Evolving with Change: The Benefits of Expanding Interstate Licensure
In the last year, the Nurse Licensure Compact (NLC) has experienced extraordinary growth and change. The current status of the compact can be viewed via this interactive map. With the NLC’s current state of evolution, the compact is becoming ever more vital to nurses and those who employ them. NCSBN is sharing compelling NLC success stories to show how the compact positively impacts nurses and patients.
Asked to reflect on his career, Cole Edmonson, DNP, RN, FACHE, NEA-BC, FAAN, FAONL, FNAP, chief clinical officer, AMN Healthcare Services, Inc., says he has been blessed to work alongside incredible people at world-class organizations as a clinical nurse, a nurse leader, a chief nurse, and his current role as chief clinical officer at AMN Healthcare. Edmonson is responsible for ensuring quality across the AMN enterprise and supporting professionals caring for patients and families at thousands of health care organizations in all 50 states.
Edmonson is a fellow in the American Academy of Nursing and the American College of Healthcare Executives and is Nursing Executive Advanced-Board Certified by the American Nurses Credentialing Center. He is a Robert Wood Johnson Foundation Executive Nurse Fellow Alumni. As a national speaker, he has given presentations on transformational leadership, quality improvement, physician relationship building, and nursing engagement. AMN Healthcare provides workforce solutions and staffing services to health care facilities, and its network of nurses, physicians and allied professionals is the largest in the country.
Edmonson hears stories every day from NLC nurses who are making a difference in the lives of patients. "Most recently, we recognized a travel nurse who received an award from the organization where she was caring for a patient who was not going to recover from a severe neurological injury," recalls Edmonson. "The nurse, based on her experience in other facilities and states, advocated for her young patient to receive an honor walk."
An honor walk usually takes place as a patient is transported for organ donation. It is a ceremony that commemorates the brave decision to give the gift of life to others in need. Hospital staff, family, and friends are present to show their respect. "That single act of advocacy not only honored the nurse's patient and began the healing for the family, but it also began a transformation in the facility to hold the honor walk as the new standard of care for any patient whose family makes the courageous decision for their loved one to become an organ donor."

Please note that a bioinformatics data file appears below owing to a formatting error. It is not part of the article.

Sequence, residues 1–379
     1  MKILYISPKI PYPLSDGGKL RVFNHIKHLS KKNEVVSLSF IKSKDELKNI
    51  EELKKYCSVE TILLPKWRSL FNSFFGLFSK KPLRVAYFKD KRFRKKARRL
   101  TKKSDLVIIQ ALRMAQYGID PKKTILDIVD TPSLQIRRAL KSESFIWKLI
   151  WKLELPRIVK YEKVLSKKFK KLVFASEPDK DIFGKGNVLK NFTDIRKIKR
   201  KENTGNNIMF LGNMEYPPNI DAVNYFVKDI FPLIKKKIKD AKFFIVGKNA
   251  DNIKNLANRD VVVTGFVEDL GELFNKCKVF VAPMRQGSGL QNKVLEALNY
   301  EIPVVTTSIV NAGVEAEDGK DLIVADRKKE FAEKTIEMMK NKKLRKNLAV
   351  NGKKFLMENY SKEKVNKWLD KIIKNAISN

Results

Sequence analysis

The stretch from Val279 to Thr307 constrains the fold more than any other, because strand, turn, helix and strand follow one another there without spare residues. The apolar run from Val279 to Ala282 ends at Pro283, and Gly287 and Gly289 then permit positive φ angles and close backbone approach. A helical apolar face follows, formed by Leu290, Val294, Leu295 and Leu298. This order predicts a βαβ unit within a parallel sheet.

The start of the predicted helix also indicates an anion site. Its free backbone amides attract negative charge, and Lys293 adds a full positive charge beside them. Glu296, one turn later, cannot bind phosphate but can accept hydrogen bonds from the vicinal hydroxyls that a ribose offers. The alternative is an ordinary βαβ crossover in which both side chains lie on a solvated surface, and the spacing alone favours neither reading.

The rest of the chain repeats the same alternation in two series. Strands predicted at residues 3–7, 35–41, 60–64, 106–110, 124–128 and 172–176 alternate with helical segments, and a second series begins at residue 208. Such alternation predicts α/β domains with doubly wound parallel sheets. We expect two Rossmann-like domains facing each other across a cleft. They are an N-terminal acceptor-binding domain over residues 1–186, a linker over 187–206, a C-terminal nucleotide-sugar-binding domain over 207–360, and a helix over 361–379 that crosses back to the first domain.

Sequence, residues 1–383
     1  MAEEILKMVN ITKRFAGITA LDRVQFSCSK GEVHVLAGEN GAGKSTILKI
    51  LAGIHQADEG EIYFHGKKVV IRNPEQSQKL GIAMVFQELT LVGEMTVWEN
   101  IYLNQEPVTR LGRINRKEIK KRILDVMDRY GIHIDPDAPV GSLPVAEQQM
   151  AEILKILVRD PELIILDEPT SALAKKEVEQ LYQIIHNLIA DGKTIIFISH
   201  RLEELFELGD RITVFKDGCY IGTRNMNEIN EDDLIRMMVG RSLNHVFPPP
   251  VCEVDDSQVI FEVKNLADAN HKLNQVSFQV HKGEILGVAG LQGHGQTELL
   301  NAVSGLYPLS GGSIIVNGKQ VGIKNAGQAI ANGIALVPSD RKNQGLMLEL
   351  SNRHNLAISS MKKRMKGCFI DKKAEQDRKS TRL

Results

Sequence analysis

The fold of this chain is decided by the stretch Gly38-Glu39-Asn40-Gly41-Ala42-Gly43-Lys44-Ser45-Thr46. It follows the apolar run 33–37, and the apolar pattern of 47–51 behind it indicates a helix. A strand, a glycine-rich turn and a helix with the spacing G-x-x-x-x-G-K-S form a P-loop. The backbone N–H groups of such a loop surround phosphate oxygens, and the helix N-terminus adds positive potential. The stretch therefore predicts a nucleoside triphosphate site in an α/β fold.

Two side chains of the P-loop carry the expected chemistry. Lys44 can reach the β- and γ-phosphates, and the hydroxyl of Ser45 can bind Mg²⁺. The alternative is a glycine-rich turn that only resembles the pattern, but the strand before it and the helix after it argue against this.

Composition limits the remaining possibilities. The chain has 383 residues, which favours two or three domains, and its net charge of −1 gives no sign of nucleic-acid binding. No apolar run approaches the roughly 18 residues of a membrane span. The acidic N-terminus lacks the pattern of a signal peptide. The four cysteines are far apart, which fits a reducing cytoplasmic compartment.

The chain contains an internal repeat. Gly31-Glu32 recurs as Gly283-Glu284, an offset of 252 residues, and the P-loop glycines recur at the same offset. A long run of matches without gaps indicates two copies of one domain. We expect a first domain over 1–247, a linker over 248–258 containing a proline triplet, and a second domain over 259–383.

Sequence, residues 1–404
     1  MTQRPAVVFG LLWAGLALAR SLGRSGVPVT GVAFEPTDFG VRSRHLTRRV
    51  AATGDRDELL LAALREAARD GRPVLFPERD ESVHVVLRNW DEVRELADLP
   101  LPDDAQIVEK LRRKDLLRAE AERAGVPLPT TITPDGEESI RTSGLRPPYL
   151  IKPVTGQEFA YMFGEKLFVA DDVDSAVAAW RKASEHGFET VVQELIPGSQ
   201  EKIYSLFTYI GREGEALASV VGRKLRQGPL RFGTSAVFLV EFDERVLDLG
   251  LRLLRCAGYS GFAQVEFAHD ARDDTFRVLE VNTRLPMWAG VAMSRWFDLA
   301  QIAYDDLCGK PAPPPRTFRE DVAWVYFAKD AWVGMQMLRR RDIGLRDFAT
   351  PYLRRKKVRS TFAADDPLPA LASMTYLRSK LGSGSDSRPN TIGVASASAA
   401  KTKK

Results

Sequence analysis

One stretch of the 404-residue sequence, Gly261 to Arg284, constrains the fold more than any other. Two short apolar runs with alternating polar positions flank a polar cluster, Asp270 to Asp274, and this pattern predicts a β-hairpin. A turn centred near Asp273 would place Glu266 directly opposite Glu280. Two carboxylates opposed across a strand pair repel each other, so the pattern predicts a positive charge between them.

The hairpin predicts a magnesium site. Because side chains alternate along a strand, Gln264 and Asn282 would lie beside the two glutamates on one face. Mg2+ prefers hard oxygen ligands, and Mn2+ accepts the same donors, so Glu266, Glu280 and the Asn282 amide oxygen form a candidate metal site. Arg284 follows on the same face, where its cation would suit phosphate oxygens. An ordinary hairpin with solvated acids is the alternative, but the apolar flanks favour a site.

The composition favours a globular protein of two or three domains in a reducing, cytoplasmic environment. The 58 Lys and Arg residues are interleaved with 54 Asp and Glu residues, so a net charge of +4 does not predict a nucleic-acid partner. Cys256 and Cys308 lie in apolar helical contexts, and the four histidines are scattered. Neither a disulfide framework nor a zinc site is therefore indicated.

Additionally, he sees and understands the challenges to the nurse, patients, and health care systems faced in terms of access to care, timely licensing and re-licensing, mobility and the increased expense to each stakeholder, including his own organization that works in the complexity of the regulation and employees specific resources to navigate the current complexity. Edmonson believes the compact can reduce complexity, decrease cost and provide an equal or even higher level of protection to the public, while advancing the profession holistically. Edmonson believes that “the compact license is one powerful way to address the maldistribution of licensed nurses in the U.S. that we are experiencing – by making nurse practice more mobile.”
In 2017, Edmonson co-authored Nurse Manager's Guide to Retention and Recruitment. He says he has seen compact licensure come a long way, especially in the way it has benefited patients, health care organizations, and nurses. "I believe the compact matches the mobility of today’s nursing workforce, the needs of patients, and the structure of modern health care organizations that serve in multiple states," he says. "This can be particularly important for nurses who live close enough to the borders of other states. The practice of health care and caring should be less defined by traditional boundaries like lines on a map but rather driven by patient needs."
With 32 states in the compact and two more with pending implementation, Edmonson says it would be positive for nurses, patients, families and health care in general if all states were in the compact.
"As care models continue to transform to include virtual care, so must regulation and law to support increasing access to care, lowering cost of care, and making care more convenient if we are to achieve true health in our country," he says. "Under the current fragmented system, an excellent clinician may be a few miles away (or a video screen away) from a patient who could benefit from her or his services. But that patient can’t receive that help because of licensure limitations. Telehealth is expanding rapidly, and it will have tremendous benefits to patients everywhere, especially in underserved areas such as rural America and even some interurban areas with vulnerable populations. Interstate licensure not only allows clinicians to go wherever they are most needed, but, more importantly, it allows their skills to be utilized by patients wherever they are most needed."
As the compact has evolved, a few states are still hesitant to join. One criticism of the compact is related to the safety of patients, and is due to a misunderstanding about the licensure standards to be an NLC member state. On this subject, Edmonson says, “Every patient in every state deserves the same quality, standards, and safety of patient care, and there’s really no reason why health care professionals themselves should be held to different standards,” he says. “There should be only one standard of care, and that’s quality care. Compact licensure promulgates a level of quality and safety standards that protect and serve patients equally in all states. I can understand that heightened standards may create some initial discomfort, but they can quickly become the norm when we focus on the patient.”